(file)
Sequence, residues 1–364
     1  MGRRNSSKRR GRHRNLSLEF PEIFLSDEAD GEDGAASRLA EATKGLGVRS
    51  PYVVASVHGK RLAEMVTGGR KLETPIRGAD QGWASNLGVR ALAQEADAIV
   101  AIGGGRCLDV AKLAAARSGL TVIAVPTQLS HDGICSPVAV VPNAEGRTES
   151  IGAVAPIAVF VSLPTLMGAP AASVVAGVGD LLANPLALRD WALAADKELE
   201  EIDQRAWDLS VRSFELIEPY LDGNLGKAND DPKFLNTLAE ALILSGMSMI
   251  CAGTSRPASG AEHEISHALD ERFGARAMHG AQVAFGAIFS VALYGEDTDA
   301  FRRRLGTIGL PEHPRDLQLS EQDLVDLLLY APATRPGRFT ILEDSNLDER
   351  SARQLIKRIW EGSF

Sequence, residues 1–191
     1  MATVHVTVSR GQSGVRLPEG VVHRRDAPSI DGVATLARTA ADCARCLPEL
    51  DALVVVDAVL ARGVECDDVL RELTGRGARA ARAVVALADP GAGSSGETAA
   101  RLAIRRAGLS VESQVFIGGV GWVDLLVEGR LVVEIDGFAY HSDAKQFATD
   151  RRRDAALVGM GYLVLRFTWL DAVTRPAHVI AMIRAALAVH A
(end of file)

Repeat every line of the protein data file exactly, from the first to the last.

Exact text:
Sequence, residues 1–364
     1  MGRRNSSKRR GRHRNLSLEF PEIFLSDEAD GEDGAASRLA EATKGLGVRS
    51  PYVVASVHGK RLAEMVTGGR KLETPIRGAD QGWASNLGVR ALAQEADAIV
   101  AIGGGRCLDV AKLAAARSGL TVIAVPTQLS HDGICSPVAV VPNAEGRTES
   151  IGAVAPIAVF VSLPTLMGAP AASVVAGVGD LLANPLALRD WALAADKELE
   201  EIDQRAWDLS VRSFELIEPY LDGNLGKAND DPKFLNTLAE ALILSGMSMI
   251  CAGTSRPASG AEHEISHALD ERFGARAMHG AQVAFGAIFS VALYGEDTDA
   301  FRRRLGTIGL PEHPRDLQLS EQDLVDLLLY APATRPGRFT ILEDSNLDER
   351  SARQLIKRIW EGSF

Sequence, residues 1–191
     1  MATVHVTVSR GQSGVRLPEG VVHRRDAPSI DGVATLARTA ADCARCLPEL
    51  DALVVVDAVL ARGVECDDVL RELTGRGARA ARAVVALADP GAGSSGETAA
   101  RLAIRRAGLS VESQVFIGGV GWVDLLVEGR LVVEIDGFAY HSDAKQFATD
   151  RRRDAALVGM GYLVLRFTWL DAVTRPAHVI AMIRAALAVH A